How the KUSUM Scheme Hopes to Benefit Farmers

by Meeth Kumar


Posted on March 23, 2018 at 15:41 PM


KUSUM Scheme

As India looks to continue its rapid economic growth, it must adopt modern technologies at the grassroots level. In an age where renewable energy resources are becoming the norm, India aims to incorporate solar technology as a major source of electricity for agricultural practices. It is important that agriculture is modernized as early as possible since over 58% of rural households depend on agriculture as their primary means of livelihood. One area where ‘Solarization’ looks to be implemented is Irrigation.

The Central Government is currently formulating the KUSUM Scheme aimed at providing electricity through solar energy for rural India, with a specific focus on irrigation projects. KUSUM, which stands for ‘Kisan Urja Suraksha evam Utthan Maha-Abhiyan,’ was announced by Finance Minister Mr. Arun Jaitley on Feb 1, 2018, in the Union Budget for the financial year 2018-19.

Mr R K Singh, Union Minister of State (IC) Power and New & Renewable Energy, provided detailed information on this scheme in the Lok Sabha on March 15, 2018. According to him, the main activities to be carried out under the KUSUM scheme and their advantages would include:

  1. Installation of grid-connected solar power plants of capacity up to 2 MW: with the objective of decentralized solar power production of up to 28,250 Megawatt (MW) over five years. This would reduce transmission losses and provide more electricity to rural areas with a shortage of power.
  2. Distribution and Installation of standalone, off-grid solar water pumps: to provide for the irrigation needs of farmers not connected to the grid. Farmers who need additional electricity for pumps but are not far away from a grid would benefit from this.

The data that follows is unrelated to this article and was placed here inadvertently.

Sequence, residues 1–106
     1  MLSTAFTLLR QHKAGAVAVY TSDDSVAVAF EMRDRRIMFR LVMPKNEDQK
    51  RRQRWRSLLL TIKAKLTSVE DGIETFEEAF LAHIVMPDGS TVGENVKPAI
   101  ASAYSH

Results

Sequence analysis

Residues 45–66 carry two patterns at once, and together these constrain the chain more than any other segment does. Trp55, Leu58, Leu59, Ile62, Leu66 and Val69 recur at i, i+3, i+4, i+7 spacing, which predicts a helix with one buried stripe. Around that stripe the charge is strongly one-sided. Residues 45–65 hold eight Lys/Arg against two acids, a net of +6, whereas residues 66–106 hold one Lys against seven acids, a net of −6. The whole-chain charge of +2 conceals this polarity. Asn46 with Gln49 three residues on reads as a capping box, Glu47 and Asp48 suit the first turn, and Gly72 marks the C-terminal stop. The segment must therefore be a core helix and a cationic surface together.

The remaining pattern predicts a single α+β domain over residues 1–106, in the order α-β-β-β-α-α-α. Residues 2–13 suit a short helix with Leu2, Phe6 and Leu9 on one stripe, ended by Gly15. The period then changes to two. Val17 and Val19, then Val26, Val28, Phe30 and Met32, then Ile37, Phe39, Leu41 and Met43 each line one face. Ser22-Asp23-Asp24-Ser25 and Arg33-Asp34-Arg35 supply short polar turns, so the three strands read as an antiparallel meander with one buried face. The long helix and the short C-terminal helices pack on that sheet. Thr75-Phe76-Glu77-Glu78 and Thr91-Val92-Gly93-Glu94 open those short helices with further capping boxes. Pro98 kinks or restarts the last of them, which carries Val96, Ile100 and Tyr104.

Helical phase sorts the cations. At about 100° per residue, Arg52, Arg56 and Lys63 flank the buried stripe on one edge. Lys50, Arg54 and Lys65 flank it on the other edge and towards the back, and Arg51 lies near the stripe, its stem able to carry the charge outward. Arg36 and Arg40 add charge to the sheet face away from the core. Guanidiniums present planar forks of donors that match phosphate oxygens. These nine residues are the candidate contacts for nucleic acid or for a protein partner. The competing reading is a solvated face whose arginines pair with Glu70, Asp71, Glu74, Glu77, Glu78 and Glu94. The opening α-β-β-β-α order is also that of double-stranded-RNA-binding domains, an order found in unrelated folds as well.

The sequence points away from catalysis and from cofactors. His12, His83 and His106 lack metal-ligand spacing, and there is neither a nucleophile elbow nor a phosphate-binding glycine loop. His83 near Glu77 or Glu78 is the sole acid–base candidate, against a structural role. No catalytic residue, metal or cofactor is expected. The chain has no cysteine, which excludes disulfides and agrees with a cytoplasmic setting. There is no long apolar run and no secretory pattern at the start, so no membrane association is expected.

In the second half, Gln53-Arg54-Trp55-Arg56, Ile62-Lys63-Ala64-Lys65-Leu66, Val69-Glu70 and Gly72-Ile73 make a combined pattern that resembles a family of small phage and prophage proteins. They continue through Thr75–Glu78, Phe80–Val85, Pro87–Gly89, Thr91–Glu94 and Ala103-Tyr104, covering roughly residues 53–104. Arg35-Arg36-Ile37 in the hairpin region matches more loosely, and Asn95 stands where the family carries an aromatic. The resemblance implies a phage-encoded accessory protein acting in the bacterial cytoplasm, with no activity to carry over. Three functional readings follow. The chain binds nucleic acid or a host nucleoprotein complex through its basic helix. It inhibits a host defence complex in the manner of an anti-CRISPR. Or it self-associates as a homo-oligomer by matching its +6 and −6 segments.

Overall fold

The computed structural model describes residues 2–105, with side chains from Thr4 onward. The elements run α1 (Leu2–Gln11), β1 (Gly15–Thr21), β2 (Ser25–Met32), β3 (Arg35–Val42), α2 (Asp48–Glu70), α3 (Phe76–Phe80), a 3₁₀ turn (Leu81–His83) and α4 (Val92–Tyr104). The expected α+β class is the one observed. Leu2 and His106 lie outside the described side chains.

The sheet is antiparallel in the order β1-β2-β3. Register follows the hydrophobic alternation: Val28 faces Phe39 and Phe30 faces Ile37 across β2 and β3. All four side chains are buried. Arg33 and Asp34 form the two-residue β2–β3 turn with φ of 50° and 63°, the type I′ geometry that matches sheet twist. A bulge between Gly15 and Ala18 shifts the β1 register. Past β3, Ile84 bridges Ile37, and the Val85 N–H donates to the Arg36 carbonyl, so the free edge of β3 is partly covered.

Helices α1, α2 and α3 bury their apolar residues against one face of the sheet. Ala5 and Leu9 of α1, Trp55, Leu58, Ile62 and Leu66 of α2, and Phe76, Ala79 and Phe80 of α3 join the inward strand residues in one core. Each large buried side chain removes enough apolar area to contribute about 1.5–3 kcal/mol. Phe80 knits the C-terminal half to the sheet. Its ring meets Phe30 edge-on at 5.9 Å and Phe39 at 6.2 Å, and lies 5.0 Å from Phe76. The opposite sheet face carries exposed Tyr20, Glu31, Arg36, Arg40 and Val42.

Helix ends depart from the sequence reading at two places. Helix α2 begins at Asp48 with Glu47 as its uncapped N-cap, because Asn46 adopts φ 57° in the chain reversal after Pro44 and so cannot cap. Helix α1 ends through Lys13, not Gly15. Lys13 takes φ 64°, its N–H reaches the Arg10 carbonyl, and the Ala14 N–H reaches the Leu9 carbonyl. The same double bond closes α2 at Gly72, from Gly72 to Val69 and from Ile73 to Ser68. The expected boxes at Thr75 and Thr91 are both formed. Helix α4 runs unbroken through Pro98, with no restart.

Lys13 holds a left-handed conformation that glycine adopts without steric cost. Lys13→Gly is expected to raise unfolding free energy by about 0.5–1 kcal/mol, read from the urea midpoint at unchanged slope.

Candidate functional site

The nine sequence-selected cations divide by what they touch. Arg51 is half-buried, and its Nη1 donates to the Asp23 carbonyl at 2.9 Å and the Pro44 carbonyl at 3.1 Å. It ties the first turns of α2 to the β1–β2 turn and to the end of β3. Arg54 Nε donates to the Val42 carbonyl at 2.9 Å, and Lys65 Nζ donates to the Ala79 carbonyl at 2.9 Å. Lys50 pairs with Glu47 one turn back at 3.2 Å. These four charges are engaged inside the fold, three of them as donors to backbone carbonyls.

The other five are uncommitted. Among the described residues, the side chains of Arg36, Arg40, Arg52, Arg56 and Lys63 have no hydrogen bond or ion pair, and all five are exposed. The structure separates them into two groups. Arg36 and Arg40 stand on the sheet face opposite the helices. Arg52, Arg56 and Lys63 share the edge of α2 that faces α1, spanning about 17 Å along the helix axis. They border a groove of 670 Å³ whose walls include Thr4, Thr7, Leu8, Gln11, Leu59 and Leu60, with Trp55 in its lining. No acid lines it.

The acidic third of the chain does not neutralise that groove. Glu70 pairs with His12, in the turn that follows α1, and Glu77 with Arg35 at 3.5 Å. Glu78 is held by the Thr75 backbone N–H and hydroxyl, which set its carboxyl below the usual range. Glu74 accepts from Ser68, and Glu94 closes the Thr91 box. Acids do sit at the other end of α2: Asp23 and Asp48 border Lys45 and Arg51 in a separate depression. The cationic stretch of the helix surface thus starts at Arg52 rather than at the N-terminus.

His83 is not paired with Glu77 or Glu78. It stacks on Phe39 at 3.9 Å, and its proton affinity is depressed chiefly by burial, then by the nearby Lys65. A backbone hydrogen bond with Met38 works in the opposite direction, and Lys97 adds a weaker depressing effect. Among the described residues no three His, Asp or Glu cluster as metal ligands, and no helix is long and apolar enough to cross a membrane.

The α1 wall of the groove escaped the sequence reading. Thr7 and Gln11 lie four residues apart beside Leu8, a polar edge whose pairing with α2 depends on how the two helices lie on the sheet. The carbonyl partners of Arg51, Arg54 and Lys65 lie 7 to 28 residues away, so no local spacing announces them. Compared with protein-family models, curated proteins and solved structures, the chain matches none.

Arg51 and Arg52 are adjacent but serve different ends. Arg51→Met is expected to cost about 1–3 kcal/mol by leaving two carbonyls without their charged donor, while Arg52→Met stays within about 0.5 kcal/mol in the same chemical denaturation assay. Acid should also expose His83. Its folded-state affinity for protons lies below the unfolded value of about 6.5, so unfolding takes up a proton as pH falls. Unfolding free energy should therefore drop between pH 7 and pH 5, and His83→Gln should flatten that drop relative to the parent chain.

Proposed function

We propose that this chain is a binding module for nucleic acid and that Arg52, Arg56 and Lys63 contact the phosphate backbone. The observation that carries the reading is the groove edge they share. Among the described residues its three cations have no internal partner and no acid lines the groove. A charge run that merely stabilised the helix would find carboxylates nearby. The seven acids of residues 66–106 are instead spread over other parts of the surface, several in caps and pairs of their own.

3. Solarization of existing grid-connected agriculture pumps: existing pumps will be converted to standalone solar pumps to make farmers independent of grid supply. This would help farmers save electricity costs by generating their own electricity. Farmers would also be able to sell surplus solar power generated to DISCOMs (Electricity Distribution Companies) for extra income. This would also support the financial health of DISCOMs by cutting the burden of agricultural subsidy and support states in meeting their Renewable Purchase Obligation (RPO) targets.
  4. Solarization of Current Pumping systems: tube-wells and lift irrigation projects of the Government sector will be converted to solar-powered systems. Many diesel-powered pumps would be replaced with solar-powered machines, leading to a reduction in fossil fuel burning and pollution.

The KUSUM scheme is awaiting approval and the details on funding and mode of implementation will be decided once approval is granted. If implemented effectively, the scheme would achieve all the benefits it hopes to provide. Most importantly, it would accomplish its main objective of providing energy and water security to farmers of India.

 


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